07.28.2020

ESMA Looks To Delay CSDR Settlement Discipline Regime

The European Securities and Markets Authority (ESMA), the EU’s securities markets regulator, is working on a proposal to possibly delay the entry into force of the CSDR settlement discipline regime until 1 February 2022. This is due to the impact of the COVID-19 pandemic on the implementation of regulatory projects and IT deliveries by CSDs and came as a request from the European Commission.

This measure would be additional to the delay foreseen in the ESMA Final Report on RTS on postponing the date of entry into force of the Commission Delegated Regulation (EU) 2018/1229 (RTS on settlement discipline) until 1 February 2021. This has been endorsed by the European Commission on 8 May 2020 and it is subject to the non-objection of the European Parliament and of the Council until 8 August 2020.

The RTS on settlement discipline cover measures to prevent and address settlement fails including:

  • rules for the trade allocation and confirmation process,
  • cash penalties on failed transactions,
  • mandatory buy-ins, and
  • monitoring and reporting settlement fails.

Next steps

ESMA aims to publish the final report on further postponing the date of entry into force of the RTS on settlement discipline by September. Following the endorsement of the RTS by the European Commission, the Commission Delegated Regulation will then be subject to the non-objection of the European Parliament and of the Council.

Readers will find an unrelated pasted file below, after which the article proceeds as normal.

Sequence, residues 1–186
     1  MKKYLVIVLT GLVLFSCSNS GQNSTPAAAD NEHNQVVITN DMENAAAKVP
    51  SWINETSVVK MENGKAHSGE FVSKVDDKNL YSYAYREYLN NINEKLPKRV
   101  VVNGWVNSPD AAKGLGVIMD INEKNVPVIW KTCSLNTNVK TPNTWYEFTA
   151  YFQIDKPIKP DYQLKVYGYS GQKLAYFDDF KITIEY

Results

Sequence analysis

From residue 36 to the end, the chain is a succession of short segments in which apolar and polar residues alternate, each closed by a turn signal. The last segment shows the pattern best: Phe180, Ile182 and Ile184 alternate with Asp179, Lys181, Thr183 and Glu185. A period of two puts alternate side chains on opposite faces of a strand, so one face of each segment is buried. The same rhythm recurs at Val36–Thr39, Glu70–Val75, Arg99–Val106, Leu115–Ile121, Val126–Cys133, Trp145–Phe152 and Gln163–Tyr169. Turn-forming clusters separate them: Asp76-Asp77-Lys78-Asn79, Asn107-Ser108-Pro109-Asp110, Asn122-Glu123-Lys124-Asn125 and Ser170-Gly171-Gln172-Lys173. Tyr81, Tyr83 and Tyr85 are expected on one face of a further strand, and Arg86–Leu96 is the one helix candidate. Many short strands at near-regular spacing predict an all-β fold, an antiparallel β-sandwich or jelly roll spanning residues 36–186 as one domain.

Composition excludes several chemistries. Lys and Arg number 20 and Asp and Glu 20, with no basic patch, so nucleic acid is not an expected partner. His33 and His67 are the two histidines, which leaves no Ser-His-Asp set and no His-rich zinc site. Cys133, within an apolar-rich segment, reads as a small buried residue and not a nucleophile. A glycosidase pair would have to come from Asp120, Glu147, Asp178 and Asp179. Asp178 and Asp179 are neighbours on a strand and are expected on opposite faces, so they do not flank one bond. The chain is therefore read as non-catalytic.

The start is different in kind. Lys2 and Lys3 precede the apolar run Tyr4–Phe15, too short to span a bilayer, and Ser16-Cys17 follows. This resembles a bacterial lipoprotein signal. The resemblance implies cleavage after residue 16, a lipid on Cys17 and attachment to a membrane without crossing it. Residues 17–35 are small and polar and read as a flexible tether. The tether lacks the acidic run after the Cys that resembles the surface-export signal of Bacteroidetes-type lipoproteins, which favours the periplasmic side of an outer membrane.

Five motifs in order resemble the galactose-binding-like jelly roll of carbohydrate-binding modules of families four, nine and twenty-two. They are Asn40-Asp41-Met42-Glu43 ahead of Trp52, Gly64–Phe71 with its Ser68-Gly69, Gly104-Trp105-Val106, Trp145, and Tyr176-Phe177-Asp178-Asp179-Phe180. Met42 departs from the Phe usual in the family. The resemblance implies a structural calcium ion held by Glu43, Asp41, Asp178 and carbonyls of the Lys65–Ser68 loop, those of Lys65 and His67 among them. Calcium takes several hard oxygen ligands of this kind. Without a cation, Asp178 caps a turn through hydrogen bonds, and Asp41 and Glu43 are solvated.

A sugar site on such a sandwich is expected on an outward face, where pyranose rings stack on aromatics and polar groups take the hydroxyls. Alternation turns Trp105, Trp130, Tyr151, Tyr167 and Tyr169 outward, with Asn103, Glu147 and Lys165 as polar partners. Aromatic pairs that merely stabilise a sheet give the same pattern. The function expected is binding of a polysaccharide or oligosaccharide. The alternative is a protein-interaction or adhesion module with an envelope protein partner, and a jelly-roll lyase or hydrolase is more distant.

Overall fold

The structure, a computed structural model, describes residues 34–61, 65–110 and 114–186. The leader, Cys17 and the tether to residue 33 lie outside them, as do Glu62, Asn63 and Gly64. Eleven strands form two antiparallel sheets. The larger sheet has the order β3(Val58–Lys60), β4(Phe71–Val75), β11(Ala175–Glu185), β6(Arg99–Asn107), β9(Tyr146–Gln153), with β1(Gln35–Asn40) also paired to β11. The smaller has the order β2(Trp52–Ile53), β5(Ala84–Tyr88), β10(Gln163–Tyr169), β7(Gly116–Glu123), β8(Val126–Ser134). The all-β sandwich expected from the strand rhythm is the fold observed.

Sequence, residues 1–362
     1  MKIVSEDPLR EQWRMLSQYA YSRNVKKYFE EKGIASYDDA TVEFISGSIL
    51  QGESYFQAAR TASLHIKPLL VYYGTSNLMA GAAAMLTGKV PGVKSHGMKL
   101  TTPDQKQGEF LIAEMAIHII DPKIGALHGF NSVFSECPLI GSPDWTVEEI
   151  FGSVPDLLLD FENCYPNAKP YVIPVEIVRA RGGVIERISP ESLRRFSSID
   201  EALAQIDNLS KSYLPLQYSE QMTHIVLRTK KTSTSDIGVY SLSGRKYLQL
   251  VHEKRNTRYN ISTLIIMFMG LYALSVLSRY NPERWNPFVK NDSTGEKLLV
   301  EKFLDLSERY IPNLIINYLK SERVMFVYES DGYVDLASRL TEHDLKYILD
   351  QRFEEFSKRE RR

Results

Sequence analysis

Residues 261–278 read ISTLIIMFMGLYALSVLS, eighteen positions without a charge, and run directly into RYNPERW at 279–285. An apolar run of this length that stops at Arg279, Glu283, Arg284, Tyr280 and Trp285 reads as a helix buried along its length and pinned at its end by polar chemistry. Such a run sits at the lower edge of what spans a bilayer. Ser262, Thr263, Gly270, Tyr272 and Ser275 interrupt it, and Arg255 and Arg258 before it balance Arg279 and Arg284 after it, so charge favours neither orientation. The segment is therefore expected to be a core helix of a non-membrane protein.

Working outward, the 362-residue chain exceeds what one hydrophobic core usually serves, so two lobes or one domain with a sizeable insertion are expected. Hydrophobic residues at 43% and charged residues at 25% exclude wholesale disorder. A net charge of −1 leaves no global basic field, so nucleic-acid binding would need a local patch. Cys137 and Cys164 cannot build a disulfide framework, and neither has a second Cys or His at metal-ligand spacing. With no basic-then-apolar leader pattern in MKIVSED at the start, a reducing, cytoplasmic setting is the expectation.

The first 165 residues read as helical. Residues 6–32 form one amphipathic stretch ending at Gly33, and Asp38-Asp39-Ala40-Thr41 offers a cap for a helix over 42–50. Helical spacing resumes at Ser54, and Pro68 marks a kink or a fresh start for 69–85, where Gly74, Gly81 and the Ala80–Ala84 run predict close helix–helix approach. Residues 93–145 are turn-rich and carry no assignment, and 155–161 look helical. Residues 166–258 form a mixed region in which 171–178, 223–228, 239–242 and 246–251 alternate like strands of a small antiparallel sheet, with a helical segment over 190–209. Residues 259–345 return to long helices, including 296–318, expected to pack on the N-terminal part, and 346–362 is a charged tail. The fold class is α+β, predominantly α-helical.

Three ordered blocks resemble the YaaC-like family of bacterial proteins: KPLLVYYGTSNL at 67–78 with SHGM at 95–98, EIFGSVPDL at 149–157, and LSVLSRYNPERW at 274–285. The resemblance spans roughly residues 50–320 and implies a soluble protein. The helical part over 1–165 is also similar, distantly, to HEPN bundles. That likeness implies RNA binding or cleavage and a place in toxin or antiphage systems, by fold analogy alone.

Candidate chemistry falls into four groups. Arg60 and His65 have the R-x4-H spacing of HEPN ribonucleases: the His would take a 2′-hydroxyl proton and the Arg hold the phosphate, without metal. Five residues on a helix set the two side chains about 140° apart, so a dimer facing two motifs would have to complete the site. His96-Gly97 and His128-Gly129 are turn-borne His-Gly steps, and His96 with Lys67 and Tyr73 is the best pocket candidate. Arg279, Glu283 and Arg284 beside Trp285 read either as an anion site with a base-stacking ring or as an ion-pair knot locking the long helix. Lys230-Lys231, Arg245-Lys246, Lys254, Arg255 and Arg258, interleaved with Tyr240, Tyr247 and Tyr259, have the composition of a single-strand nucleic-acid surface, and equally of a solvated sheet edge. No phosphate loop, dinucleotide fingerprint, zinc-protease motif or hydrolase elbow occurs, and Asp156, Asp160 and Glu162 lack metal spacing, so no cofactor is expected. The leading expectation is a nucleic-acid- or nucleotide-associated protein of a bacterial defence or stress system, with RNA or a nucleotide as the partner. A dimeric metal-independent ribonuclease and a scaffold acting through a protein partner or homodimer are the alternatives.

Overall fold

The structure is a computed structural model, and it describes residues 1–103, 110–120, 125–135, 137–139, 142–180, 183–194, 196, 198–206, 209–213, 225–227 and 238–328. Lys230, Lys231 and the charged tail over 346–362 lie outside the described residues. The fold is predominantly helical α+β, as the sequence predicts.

Source: ESMA

Related articles

  1. Operational risk has been mitigated, but there are constraints around teamwork and creativity.

  2. AFME said the COVID-19 recovery is being led by record issuance of investment grade securities and ESG bonds.

  3. Social factors are seen as having a critical and positive impact on long-term value creation.

  4. Machines 'Learn' Liquidity

    Government intervention was an important factor in restoring liquidity.

  5. Buy Side Forced to Review Collateral Arrangements

    Margin calls increased due to volatility caused by the Covid-19 pandemic.